Favorite games, part two

As previously mentioned, the summer of 1987 was the high point of my tactical performance in chess. The game recounted in that post qualified me for the Kentucky Closed State Championship.

The championship itself was a bit of a mess.

The state’s only active master had won the title five years running, I believe. But he wasn’t really so active any more – to the best of my knowledge he didn’t play rated chess between his ’86 title and this ’87 tourney, which was a round-robin with the master, four experts and a B player from the high school ranks. I wasn’t scheduled to play the master until the final round.

Rust kills: the master lost on time against Larry Foushee in the first round. Meanwhile I played badly and was fortunate to score two draws and a win (against the B player) on the first day. Larry’s family generously put me up for the night and after we got to his house, the phone rang and Larry was informed that the master had lost on time again (to Walter Alexander this time) in round three – and dropped out! That made a hash of the round robin pairings but there wasn’t any truly fair solution.

So with a full-point bye on the docket for the final round, I played my only good game of the tournament in round four on Sunday morning:
Foushee (2150) – Slater (2080)
1.d4 Nf6 2.c4 e6 3.Nf3 c5 4.d5 b5 5.dxe6 fxe6 6.cxb5 d5 7.e3 Bd6 8.Nc3 Nbd7 9.Qb3 Qe7 10.Be2 0-0 11.0-0 Bb7 12.Rd1 Rae8 13.a4 Bb8 14.h3 Ne4 15.Bd2 Ng5 16.Be1 d4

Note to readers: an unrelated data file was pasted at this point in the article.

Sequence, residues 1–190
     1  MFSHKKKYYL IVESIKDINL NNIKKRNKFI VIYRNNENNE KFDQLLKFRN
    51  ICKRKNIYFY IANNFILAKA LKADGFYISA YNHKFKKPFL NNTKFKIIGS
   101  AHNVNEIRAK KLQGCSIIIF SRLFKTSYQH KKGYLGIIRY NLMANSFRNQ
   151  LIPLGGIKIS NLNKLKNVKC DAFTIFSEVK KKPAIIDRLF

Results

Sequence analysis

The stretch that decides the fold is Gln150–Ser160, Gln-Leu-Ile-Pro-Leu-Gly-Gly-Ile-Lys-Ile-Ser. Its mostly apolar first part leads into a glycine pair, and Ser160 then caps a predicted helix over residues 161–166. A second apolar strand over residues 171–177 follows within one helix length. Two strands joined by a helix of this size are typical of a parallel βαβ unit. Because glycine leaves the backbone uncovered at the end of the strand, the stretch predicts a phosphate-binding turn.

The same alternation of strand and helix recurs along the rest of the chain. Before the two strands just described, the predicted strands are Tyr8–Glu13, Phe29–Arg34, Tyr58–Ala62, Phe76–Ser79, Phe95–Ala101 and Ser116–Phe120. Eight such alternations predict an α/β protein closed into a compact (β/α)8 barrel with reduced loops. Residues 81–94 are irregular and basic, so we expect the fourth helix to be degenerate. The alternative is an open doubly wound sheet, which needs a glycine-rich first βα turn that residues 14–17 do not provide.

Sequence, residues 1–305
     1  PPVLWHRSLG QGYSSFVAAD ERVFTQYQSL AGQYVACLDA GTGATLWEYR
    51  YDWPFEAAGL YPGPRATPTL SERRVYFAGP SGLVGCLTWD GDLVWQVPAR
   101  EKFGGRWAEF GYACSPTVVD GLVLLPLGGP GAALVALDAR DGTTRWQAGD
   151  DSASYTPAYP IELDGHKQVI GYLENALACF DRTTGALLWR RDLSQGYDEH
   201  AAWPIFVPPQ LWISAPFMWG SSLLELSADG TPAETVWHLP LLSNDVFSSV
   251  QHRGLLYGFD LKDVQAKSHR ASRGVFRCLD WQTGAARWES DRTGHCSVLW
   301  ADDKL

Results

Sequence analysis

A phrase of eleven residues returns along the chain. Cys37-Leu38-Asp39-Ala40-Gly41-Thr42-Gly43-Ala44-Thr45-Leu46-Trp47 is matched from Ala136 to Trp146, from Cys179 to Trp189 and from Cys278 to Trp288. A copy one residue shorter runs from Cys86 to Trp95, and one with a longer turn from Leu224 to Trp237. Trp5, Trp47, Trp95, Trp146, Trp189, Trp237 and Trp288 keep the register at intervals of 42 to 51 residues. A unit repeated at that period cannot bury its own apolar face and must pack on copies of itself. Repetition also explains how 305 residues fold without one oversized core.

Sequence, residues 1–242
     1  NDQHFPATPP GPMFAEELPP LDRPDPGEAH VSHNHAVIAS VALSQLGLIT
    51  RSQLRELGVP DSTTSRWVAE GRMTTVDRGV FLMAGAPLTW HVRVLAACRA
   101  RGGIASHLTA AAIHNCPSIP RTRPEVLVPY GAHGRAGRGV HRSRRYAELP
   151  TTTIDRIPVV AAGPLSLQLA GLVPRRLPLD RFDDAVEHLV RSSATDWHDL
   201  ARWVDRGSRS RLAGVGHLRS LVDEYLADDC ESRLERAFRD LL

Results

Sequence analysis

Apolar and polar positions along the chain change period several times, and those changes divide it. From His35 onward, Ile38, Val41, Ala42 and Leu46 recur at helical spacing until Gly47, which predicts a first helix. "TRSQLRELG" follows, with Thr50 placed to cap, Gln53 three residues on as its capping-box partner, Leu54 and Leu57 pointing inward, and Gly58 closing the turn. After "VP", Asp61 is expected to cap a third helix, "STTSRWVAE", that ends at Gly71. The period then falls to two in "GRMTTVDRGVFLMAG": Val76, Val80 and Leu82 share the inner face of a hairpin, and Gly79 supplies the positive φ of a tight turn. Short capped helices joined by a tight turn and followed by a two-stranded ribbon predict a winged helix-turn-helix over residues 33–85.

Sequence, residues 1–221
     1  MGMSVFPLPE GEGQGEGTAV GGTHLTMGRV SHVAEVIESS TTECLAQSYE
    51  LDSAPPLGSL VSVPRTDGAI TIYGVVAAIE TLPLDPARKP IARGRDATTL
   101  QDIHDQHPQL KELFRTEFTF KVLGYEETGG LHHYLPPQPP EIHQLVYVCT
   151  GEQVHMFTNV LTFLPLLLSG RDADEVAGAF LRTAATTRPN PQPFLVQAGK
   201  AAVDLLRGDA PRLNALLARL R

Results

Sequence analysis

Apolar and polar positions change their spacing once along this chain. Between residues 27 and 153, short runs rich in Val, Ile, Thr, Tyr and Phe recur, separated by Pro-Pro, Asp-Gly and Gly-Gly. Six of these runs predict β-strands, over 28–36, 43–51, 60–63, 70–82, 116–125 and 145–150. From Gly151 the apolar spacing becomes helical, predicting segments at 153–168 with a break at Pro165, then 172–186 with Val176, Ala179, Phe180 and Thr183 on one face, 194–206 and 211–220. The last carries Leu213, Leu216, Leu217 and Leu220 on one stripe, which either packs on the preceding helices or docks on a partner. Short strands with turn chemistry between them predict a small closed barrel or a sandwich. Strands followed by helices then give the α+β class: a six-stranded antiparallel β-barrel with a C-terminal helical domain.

Some day before I die I’d like to have a pair of bishops like these again.

White plays a passive defensive concept here that seems doomed. Fritz would know better but I always thought 17.Nxd4 was worth a try. Black’s big center would be destroyed and the White rook could lift via d4 to help protect the kingside. Then again, maybe 17.Nxd4 Nxh3+ wins immediately.  

17.Nxg5 Qxg5 18.Bf1 Ne5 19.f4 Nf3+ 20.Kh1 Rxf4!

Now 21.exf4 Qxf4 22.g3 Nxe1+ is death, but the same concept is going to resurface in a few moments. 21.Ne2 Rf6 21…Nd2 was faster, since after taking on f2 Black will threaten to chop off the Bf1 which is guarding the g2 mating square.


 22.Bf2 Rh6 23.Nf4 [diagram]

23…Bxf4 24.exf4 Rxh3+ 25.gxh3 Qxf4 26.Bg1 Ne1+


With no final-round game to play and my ride present, I went home. Later I got the news that Larry and Walter drew in the fifth round, which gave me the title at 4-1. I suppose there should be an asterisk in the books, but as my friend Jeff Hellmann advised, I’m not giving the trophy back…


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